A(H1N1) Kills Pork Sales in Trinidad and Tobago

TRINIDAD & TOBAGO - What's in a name? Apparently, enough to hurt the pig farming industry in Trinidad and Tobago.
calendar icon 10 June 2009
clock icon 4 minute read

Since the emergence of the Influenza A H1N1 virus, commonly called "swine flu", the pork industry around the world has experienced a decline in sales.

And now that Trinidad and Tobago has its first case of the potentially fatal virus, local pig farmers believe sales will only go from bad to worse.

Livestock farmers say pigs have been given a bad rap and blame the drop in sales on misinformation as some consumers are still sceptical about the safety of pork.

"Sales were poor before H1N1, but since it appeared on the scene, it has gotten really bad now. People have reservations about eating pork. I have a friend who sells meat in Port of Spain and when he would normally sell around 170 -180 pounds of pork in one weekend, he managed to sell just four pounds of pork.

"Another friend of mine sells in Tunapuna and in one weekend he sold just two pounds of pork. I could definitely see the industry collapsing. This whole situation is just devastating to the small farmer who is trying to earn a living," said livestock farmer Wayne Bowen.

Whereas, farmer Nigel Khan used to cull around four pigs a week to sell, Khan said for the past month he has not been selling because consumers are not buying and instead, uncertain shoppers are opting for chicken or beef.

According to Trinidad & Tobago Express, business has been anything but smooth sailing for local pig farmers who are struggling to keep their livelihoods afloat even as large processors control around 95 per cent of the market.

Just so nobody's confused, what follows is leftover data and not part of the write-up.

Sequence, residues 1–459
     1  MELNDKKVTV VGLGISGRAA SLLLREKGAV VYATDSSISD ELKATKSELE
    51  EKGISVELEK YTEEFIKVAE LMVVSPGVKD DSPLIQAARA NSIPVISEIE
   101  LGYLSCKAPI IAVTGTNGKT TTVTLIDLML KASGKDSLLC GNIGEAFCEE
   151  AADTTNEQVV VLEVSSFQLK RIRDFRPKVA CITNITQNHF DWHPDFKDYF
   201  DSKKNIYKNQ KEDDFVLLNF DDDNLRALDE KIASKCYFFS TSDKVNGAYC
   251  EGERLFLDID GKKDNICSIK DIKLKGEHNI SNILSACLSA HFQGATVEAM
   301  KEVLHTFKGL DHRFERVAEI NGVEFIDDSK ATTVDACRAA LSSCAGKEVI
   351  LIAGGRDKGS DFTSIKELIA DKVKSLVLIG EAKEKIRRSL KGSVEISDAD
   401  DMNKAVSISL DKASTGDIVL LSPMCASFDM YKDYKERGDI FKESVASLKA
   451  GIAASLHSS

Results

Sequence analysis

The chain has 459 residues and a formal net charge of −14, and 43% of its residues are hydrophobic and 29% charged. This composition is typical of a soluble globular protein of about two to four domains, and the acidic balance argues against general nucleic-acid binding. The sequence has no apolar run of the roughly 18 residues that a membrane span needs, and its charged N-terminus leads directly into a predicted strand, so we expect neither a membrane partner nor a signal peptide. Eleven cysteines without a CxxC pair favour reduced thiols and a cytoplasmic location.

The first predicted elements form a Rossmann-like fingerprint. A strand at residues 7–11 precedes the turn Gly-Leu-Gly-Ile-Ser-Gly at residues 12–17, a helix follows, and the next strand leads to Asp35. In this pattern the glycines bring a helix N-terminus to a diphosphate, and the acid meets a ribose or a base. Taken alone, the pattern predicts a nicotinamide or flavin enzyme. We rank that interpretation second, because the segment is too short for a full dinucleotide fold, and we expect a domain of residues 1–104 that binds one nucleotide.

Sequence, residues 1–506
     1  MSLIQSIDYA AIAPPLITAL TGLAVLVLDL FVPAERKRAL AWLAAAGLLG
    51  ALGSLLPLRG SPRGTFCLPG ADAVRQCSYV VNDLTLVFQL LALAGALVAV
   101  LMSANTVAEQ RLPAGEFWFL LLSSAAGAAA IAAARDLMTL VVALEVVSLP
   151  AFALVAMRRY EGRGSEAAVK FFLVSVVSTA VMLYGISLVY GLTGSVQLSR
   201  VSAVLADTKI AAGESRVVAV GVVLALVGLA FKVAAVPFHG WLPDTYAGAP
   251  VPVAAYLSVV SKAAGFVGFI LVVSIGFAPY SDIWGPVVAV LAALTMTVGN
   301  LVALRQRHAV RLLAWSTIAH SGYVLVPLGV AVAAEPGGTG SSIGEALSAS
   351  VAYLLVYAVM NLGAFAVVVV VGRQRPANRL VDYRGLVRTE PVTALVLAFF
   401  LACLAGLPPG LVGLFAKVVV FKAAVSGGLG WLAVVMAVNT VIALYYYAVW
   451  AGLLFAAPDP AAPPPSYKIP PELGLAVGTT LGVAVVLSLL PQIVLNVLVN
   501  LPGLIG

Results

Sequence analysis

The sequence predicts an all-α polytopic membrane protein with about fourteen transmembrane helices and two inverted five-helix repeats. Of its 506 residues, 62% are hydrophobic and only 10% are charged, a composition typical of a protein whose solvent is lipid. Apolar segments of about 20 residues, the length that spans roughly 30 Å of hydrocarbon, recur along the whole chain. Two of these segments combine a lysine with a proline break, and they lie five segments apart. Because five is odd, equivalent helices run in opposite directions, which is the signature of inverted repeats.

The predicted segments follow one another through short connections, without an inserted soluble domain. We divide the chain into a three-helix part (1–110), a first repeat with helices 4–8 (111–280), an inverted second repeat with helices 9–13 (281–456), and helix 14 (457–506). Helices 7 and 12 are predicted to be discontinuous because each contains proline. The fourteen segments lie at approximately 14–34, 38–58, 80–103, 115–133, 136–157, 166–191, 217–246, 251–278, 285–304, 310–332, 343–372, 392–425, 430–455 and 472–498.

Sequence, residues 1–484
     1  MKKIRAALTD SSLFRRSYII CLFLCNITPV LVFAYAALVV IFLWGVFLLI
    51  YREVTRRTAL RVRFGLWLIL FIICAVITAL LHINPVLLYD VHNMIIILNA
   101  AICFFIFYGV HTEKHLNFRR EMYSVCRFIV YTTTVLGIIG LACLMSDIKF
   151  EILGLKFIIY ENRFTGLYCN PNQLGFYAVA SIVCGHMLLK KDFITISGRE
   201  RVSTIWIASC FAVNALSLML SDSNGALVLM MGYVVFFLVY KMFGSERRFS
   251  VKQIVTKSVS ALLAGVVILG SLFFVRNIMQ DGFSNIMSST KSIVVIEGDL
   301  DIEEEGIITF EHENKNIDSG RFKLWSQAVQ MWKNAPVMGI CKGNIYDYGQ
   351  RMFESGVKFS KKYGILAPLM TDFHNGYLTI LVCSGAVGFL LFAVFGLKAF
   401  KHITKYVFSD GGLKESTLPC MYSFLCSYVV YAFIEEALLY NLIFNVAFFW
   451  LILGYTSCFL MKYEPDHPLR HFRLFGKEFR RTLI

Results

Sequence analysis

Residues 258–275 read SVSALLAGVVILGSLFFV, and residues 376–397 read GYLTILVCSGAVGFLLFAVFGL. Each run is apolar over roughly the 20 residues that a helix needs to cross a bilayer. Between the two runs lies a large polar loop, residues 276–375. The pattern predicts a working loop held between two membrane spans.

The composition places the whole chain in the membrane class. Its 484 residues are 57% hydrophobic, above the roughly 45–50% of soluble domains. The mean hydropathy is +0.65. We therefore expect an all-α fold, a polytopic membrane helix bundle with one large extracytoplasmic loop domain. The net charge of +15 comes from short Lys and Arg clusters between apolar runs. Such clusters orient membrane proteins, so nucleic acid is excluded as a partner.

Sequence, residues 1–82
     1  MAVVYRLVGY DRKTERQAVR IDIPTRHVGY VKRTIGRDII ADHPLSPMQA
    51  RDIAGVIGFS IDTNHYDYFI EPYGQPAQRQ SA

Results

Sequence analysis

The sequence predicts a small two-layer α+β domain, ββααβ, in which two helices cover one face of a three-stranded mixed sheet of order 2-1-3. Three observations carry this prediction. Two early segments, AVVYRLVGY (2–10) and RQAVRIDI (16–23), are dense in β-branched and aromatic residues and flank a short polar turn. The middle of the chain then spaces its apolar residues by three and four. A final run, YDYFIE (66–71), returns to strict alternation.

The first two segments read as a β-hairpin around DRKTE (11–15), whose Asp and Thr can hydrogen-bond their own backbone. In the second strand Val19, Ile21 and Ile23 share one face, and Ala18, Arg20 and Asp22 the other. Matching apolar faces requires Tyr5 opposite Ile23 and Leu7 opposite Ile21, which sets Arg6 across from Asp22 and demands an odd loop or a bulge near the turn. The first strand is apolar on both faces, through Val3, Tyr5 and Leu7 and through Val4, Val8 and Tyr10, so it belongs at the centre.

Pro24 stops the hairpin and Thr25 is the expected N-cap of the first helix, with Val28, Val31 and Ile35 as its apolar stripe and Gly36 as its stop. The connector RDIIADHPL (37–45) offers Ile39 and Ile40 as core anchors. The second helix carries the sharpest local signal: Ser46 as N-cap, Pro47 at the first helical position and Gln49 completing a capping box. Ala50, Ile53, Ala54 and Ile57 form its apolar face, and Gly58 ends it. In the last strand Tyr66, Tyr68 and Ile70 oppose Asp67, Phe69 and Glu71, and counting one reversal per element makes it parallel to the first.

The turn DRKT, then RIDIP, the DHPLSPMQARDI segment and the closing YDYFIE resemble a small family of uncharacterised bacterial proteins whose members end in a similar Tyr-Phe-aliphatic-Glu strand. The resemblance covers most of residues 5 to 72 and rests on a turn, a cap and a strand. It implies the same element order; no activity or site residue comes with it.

Last year, several farmers had to deal with a spate of robberies and now the farmers feel penalised as the new virus has caused many to think twice before buying pork.

The European Union Health Commission has pointed out that although pigs were the original source of the virus, swine flu cannot pass from animals to humans, but only from humans to humans.

Despite the readily available information on swine flu, what frustrates local pig farmers is that pigs are still being stigmatised and looked upon as somewhat of a 'poster child' for the virus.
,br> In support of their foreign counterparts, local pig farmers are pleading with consumers to stop using the term 'swine flu'.

"I don't use the words 'swine flu', it just sends the wrong message and it gives the pig a bad name," said pig farmer Maude Watson-Duberry.

"Sales would only get worse if consumers do not realise that they cannot get the virus from eating pork. People need to be properly educated so that they will resume eating pork," she said.

Both farmers Bowen and Duberry are adamant that the Ministry of Agriculture, Land and Marine Resources must do more to support pig farmers and to restore consumers confidence in pork and pork products.

As the Business Express spoke with Duberry last Thursday, she and her colleagues received a leaflet from the Animal Health sub-division in which the ministry makes the point that it is safe to eat pork. But as far as the farmers are concerned, the damage may already be done.

"This is too little, too late. We farmers know that our pork is safe, information like this should be everywhere for the public to see so that they can start buying pork freely again," said Duberry.

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